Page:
Manufacturer Advice to Contractors


Selling, installing, and maintaining high-end heating equipment is the key to a contractor’s success. There is profit to be made when installing these systems and plenty of opportunities and markets that haven’t been touched yet.

— Fujitsu General America Inc.


The best advice for any unit, but particularly higher efficiency units, is to take your time during installation to make sure the unit is set up correctly. Often a second trip must be made to a home because of a simple issue, such as the furnace and coil not being level, the proper airflow not being chosen, or the refrigeration charge not being accurately set.

— Nortek Global HVAC


Homeowners are doing much more research upfront and online. In addition to learning about products, they’re going online to find contractors, and they expect responsiveness. Stay up-to-date on the latest tech and invest in a laptop/tablet if you haven’t already. Customers want to work with contractors who listen to their needs, know the latest research, and can provide onsite recommendations based on real-time data.

— Unico Inc.


With the definite and aggressive shift away from fossil fuels and toward the use of electric equipment, contractors can position themselves on the leading edge of the industry by getting well-acquainted with air source heat pumps for extreme climates. Participation in the ongoing Strategic Electrification of the country is logical for any contractor. Utilizing this participation as a sales tool, along with taking advantage of utility rebates, puts contractors at an advantage when it comes to selling high-end heating equipment.

— Mitsubishi Electric Trane HVAC US


When it comes to selling and installing high-end heating equipment, contractors should be working a brand and product they trust. This means a quality product with a long life expectancy. In general, it’s important contractors do their research and embrace new technologies, such as inverter technology and connectivity. High-end heating should increase comfort and lower energy bills, making it a worthwhile investment for homeowners.

— Bosch Thermotechnology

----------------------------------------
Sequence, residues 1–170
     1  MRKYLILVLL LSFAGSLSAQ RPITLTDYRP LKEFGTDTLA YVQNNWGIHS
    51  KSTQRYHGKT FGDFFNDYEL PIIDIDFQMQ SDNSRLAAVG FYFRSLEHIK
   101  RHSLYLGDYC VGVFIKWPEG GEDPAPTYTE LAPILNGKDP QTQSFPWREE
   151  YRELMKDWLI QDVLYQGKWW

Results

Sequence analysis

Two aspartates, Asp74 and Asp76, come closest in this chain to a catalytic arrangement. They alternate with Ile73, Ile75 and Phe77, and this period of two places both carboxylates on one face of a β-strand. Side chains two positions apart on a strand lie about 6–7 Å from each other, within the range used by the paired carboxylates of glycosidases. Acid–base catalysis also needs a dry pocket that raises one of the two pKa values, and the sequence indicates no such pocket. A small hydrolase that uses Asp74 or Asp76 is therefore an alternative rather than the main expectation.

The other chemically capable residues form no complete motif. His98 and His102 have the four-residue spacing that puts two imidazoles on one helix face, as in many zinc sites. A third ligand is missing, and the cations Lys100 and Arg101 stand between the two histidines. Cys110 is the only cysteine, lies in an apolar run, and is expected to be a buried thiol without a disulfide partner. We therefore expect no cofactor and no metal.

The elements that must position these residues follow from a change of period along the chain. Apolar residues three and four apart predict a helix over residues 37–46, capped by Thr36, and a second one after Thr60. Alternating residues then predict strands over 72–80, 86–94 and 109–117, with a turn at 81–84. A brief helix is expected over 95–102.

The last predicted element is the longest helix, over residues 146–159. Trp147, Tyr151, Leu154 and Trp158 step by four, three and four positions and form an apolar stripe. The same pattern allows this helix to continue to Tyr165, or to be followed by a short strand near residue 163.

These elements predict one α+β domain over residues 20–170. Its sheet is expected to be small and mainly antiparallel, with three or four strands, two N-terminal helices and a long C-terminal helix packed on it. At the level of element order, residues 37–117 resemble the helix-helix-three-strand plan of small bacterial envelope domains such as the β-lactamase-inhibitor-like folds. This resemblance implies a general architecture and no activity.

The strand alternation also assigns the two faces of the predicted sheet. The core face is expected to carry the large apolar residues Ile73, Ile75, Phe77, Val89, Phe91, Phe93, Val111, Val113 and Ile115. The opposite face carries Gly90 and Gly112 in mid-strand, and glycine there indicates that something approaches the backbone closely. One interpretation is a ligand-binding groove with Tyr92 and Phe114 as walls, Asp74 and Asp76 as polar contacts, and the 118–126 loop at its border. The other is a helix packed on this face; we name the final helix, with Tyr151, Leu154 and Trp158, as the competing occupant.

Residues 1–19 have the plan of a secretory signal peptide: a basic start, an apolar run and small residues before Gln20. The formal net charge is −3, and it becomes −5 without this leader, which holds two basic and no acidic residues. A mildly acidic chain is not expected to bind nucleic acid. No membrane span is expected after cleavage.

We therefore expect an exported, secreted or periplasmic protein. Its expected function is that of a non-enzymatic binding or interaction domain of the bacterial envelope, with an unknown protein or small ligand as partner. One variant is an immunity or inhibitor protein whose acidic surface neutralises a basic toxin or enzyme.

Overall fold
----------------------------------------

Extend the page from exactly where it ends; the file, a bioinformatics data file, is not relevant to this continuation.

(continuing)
Find a brand that gives you the support you need and push consumers to have regular maintenance with service contracts and extended warranties.

— PB Heat LLC


Engage in manufacturer’s training and certification programs and leverage the tools that are available. Homeowners more frequently shy away from high-end systems because they feel it may be beyond the cost they are comfortable spending. Monthly payment options, seasonal promotions, and exceptional warranties provide the flexibility and peace of mind to make the decision to invest in high-end equipment.

— Johnson Controls Inc.


Essentially, prepare for the future. Embrace technology, familiarize yourself with the new products and software available to you. High-efficiency products are only part of the equation. Taco offers a wide variety of tools, apps, and design software to make your job easier and more profitable … but only if you use them. Think of the components you select as part of an integral smart system that can run more efficiently and reliably when they work and communicate together, instead of just as a collection of stand-alone piece of equipment.

— Taco Comfort Solutions


Rheem’s team of experts would share with contractors that as technology advances across all industries, homeowners will increasingly demand technologically advanced products, so now more than ever, it’s crucial to stay current of new tech developments. Furthermore, customers are online. Contractors should consider online reviews and advertising. Customers are regularly taking to the internet to review products and services. The word-of-mouth way of business may soon be obsolete.

— Rheem


Take advantage of the diagnostic capabilities available through the systems and use them as a way to build long-term relationships with your customers. By proactively reaching out and resolving system issues, you can become your customers’ trusted HVAC advisor.

— Trane Residential


HVAC contractors must continue to be a service provider to their customers and offer the best solutions for indoor comfort that allow the homeowner to have greater control and easier access to their HVAC system. The more involved homeowners are with their HVAC systems, the more they will choose high-efficiency heating systems. Walking to the thermostat to change the temperature setting will soon seem as antiquated as changing the channel on a television without a remote control.

— Goodman Mfg. Co.


Publication date: 11/19/2018